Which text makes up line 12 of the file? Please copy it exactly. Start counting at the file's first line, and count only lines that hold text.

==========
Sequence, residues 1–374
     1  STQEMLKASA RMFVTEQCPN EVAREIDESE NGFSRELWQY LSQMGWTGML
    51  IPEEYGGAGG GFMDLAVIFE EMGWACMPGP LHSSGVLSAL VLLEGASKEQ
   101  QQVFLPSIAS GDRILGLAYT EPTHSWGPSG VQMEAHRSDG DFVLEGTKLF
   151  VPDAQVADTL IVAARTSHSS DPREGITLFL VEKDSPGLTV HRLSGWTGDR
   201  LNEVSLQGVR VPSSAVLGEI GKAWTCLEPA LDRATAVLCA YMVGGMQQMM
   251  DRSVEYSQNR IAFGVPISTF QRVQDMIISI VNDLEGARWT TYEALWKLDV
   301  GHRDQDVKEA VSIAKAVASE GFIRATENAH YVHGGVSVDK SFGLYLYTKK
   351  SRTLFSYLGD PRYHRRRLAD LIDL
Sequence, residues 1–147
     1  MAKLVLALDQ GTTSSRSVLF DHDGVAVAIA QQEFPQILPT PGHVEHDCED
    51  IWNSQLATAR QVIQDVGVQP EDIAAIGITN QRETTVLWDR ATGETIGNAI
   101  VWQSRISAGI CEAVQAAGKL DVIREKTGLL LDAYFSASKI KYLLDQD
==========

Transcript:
    51  IWNSQLATAR QVIQDVGVQP EDIAAIGITN QRETTVLWDR ATGETIGNAI